Timothy Taylor’s invests £9m into brewery expansion
Landlord brewer Timothy Taylor’s is expanding its Keighley facility in West Yorkshire having received planning permission from the local council.
The move, which follows plans submitted to Bradford Council, will see new plant machinery used and brewing equipment installed in a £9m investment for the site.
The council has approved for the removal and replacement of the roof from a ‘tired’ section of an existing building, with the structure also re-configured in the plans.
Planning documents stated: “This is a long established use on this site and a thriving, award-winning local business. The proposal is considered to be acceptable in principle and would accord with the economic strand of the National Planning Policy Framework which seeks to encourage enterprise.”
“The proposed development…would relate satisfactorily to the character of the existing land and adjacent properties.”
It will allow the brewer to continue operations at the Knowle Spring site for future generations, having already being based at the facility for 160 years.
The popularity of its flagship Landlord and Boltmaker beers means that it had to increase capacity, the brewer claimed, in order to meet with current market demands.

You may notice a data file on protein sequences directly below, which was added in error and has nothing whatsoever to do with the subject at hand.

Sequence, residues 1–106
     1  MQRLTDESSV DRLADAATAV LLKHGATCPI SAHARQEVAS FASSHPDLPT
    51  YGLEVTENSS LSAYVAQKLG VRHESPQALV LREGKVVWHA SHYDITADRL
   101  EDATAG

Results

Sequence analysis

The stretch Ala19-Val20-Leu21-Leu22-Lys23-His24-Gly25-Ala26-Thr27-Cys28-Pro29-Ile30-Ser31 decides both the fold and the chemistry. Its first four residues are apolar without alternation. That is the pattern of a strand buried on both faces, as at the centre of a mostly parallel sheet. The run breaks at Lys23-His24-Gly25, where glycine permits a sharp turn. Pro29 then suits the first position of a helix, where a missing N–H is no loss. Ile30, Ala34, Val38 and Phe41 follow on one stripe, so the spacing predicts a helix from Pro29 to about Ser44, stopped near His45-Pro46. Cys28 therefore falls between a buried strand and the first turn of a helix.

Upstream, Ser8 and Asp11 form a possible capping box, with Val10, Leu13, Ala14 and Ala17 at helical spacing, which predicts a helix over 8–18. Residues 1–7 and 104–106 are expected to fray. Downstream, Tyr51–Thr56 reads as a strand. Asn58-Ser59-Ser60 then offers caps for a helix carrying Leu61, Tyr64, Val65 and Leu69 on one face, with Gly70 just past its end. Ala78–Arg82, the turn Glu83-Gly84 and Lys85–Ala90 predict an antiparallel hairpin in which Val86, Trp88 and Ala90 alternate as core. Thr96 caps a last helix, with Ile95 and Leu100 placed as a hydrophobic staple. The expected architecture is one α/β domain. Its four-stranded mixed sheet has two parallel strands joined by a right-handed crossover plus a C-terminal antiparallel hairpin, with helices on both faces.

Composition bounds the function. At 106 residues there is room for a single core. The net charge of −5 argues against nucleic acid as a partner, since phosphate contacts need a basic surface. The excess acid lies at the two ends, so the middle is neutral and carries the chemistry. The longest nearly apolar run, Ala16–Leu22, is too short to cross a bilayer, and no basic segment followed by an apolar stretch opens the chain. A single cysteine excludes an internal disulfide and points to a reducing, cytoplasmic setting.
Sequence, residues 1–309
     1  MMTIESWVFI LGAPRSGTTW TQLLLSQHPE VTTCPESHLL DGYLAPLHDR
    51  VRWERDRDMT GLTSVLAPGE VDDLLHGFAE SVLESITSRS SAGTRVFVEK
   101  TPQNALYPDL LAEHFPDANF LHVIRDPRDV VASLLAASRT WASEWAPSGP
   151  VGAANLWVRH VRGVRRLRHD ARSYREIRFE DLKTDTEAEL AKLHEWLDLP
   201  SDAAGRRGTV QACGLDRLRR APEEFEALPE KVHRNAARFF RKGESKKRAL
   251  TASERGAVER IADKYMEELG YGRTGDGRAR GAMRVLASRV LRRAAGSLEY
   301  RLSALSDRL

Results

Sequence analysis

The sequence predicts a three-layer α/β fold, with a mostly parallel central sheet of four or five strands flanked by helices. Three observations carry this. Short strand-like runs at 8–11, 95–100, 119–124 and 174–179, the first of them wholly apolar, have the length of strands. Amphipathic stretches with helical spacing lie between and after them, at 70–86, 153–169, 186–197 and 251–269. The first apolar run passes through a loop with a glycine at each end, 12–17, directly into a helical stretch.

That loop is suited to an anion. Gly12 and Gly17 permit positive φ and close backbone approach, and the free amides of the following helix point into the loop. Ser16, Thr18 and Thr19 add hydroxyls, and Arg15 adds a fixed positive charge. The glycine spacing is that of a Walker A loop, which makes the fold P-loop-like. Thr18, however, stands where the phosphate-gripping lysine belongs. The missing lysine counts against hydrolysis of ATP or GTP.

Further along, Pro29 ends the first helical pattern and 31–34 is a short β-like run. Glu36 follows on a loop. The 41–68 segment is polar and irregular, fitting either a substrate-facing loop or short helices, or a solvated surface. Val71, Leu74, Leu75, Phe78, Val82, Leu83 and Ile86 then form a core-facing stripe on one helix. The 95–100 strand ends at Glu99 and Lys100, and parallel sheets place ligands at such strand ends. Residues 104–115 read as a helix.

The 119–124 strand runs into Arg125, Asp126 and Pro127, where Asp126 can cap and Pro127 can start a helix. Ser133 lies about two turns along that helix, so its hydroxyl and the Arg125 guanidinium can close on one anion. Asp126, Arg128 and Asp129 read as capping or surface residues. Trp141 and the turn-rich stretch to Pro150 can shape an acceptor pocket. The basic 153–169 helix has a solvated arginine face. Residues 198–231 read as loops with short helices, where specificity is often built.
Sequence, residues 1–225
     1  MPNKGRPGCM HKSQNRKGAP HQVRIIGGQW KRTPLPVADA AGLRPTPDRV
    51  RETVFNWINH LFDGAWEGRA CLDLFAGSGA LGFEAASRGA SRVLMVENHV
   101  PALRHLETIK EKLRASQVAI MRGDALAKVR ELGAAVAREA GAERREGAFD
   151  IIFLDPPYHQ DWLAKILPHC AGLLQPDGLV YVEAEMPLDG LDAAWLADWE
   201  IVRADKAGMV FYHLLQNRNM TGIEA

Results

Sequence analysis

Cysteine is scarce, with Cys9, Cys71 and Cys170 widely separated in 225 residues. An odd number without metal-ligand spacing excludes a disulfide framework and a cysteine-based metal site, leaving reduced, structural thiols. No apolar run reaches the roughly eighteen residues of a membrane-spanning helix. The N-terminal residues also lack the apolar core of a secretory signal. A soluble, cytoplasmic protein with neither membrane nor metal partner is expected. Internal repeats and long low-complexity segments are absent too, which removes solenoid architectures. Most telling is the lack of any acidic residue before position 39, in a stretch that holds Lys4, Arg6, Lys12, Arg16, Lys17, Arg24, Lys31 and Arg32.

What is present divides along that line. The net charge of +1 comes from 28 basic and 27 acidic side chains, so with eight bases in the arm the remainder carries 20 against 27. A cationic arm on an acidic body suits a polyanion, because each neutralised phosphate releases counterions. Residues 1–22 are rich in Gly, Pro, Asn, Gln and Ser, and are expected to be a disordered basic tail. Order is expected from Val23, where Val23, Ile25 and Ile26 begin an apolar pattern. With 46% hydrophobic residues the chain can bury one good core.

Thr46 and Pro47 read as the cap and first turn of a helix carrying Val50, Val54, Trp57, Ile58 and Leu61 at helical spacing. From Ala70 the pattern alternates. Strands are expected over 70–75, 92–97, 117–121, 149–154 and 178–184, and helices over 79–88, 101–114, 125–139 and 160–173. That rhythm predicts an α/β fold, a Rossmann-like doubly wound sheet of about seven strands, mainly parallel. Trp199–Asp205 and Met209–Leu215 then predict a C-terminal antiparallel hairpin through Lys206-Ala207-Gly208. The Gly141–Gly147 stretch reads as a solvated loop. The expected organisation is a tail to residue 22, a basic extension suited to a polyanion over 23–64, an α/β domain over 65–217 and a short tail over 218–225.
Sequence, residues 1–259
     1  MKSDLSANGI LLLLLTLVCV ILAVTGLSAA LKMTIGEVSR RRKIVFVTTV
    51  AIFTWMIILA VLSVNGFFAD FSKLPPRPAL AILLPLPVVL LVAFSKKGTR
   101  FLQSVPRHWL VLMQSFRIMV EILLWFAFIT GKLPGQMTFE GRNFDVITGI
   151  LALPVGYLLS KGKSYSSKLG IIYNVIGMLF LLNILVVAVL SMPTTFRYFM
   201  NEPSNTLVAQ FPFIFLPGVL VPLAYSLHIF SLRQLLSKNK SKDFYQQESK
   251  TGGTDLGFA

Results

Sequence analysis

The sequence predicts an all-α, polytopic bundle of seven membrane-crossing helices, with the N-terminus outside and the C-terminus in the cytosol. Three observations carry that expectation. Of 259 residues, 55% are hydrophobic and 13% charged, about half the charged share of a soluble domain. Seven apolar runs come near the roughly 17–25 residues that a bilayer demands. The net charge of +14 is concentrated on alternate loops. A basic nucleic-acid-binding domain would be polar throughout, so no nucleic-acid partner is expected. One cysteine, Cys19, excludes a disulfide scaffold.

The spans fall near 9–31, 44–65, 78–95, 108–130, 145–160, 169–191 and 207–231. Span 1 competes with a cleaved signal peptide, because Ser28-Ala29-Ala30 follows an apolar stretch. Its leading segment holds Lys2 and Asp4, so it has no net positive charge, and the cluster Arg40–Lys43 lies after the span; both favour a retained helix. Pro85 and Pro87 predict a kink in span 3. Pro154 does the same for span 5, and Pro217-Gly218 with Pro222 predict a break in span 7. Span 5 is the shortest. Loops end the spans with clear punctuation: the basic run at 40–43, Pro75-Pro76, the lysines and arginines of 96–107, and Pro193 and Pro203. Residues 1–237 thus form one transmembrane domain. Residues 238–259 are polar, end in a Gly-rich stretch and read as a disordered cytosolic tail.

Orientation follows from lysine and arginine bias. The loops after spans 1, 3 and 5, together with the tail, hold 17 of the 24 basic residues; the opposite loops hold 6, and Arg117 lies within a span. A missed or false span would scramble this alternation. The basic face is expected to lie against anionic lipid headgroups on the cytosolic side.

In its application, the brewery’s architect said: “Timothy Taylors ongoing success has resulted in the natural growth of their manufacturing facilities at The Knowle Spring Brewery over time. Their aim is to continue to improve the facilities, production line and keep true to the heritage of their brewing process retaining the site in Keighley.
“The proposal responds directly to Timothy Taylor’s business growth plans and long-term aspiration of the site. The expansion works will underpin the value of the site and ensure the brewery remains rooted in Keighley. It is hoped that by increasing the longevity of the site it will in turn improve job security and increase employment opportunities for local people, in line with the local development plan.
New plant machinery and brewing equipment will be installed as part of the work, planning documents said.
The plans submitted to Bradford Council cited the removal and replacement the roof of a “tired” section of an existing building, with the structure then being reconfigured.
The company described the move as a “significant” moment for the brewery, with the money set to be invested in the site over the next five years.
Tim Dewey, chief executive of Timothy Taylor’s, said to the local press: “While the plan provides for increased capacity at the brewery, it will also enhance our resilience, health and safety and ability to deliver quality beer.
“It will significantly upgrade our facilities, including additional storage for our Knowle Spring water, yeast care and cleaning.”